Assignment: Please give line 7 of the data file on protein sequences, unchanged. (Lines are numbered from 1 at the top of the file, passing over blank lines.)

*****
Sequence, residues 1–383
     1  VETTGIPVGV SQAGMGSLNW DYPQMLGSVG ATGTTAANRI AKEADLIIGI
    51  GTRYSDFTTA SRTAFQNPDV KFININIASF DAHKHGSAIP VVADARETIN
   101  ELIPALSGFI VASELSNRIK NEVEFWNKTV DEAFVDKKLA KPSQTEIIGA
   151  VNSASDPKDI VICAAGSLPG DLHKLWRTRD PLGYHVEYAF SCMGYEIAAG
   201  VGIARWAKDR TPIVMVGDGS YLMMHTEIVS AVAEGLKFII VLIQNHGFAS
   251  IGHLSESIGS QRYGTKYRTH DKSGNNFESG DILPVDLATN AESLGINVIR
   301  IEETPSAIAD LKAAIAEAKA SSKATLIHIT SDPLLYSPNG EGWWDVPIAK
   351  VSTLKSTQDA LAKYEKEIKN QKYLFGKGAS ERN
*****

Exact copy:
   251  IGHLSESIGS QRYGTKYRTH DKSGNNFESG DILPVDLATN AESLGINVIR